“This is the statute of the Torah which the Lord commanded, saying, Speak to the children of Israel and have them take for you a perfectly red unblemished cow, upon which no yoke has been laid (Numbers 19:2).” This is the commandment of the red heifer, one of the commandments that we are not able to fulfill today. In recent memory, no such unblemished cow has been found, and there are many people who are actively searching for one, including trying to breed one. The heifer is to be taken by Eleazar the kohen to be slaughtered, and afterwards, he will take its blood and sprinkle it in front of the Tent of Meeting, and then burn the cow. This is clearly an important sacrifice, warranting its own description, but it’s not quite clear to me when and why this particular sacrifice would be made. “A ritually clean person shall gather the cow’s ashes and place them outside the camp in a clean place, and it shall be as a keepsake for the congregation of the children of Israel for sprinkling water, for cleansing (Numbers 19:9).”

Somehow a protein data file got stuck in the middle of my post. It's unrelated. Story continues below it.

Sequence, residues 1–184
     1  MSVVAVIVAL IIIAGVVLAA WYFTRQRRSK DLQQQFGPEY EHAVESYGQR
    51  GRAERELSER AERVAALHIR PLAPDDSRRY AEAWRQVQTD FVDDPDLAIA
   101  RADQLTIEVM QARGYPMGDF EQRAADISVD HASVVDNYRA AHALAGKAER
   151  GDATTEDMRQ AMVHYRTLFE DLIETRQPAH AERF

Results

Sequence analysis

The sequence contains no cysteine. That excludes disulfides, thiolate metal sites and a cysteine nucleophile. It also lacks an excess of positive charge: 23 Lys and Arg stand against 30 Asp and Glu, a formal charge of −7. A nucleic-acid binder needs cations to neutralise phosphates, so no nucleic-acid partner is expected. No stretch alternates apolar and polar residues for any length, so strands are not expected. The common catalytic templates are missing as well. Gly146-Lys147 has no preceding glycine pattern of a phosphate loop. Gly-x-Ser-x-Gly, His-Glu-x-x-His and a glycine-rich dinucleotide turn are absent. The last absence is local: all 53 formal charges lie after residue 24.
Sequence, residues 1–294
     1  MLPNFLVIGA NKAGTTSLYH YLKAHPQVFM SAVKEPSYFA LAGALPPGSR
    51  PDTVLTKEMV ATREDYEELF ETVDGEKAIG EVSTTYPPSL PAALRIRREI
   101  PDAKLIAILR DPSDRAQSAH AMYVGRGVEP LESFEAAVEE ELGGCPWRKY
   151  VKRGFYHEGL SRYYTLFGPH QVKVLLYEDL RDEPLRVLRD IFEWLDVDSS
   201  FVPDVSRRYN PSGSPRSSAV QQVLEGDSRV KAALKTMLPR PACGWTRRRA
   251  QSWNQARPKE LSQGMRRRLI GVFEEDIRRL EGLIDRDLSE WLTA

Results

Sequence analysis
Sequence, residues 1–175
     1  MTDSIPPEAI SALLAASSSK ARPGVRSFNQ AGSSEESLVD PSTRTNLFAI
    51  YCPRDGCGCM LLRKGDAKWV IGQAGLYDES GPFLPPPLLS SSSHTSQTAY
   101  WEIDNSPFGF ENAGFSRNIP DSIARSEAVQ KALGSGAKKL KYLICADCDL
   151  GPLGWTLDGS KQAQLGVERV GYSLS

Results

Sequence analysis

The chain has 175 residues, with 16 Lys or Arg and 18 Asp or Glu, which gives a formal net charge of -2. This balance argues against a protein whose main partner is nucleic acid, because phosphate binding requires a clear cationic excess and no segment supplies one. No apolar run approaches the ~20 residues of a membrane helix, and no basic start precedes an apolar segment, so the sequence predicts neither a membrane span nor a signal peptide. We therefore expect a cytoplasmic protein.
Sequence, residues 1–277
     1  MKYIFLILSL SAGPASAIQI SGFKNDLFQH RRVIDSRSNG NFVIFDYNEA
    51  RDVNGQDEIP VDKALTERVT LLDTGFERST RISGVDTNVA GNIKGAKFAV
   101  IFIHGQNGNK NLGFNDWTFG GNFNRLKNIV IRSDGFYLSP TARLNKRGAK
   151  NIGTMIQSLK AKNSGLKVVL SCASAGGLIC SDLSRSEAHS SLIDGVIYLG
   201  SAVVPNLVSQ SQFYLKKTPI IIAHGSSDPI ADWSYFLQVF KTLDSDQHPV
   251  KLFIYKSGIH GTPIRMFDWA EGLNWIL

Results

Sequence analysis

Next, we learn a little about death. “Anyone touching the corpse of a human soul shall become unclean for seven days (Numbers 19:11).” The uncleanness of death remains on a person until he sprinkles himself with water, and until that time, he cannot enter the Temple out of fear of defiling it. Today, after interacting with the dead through attending funerals, we continue an approximation of this tradition by ritually washing our hands after being in cemeteries. Even though the full commandment can no longer be followed without the Temple, through these small gestures we recognize what was.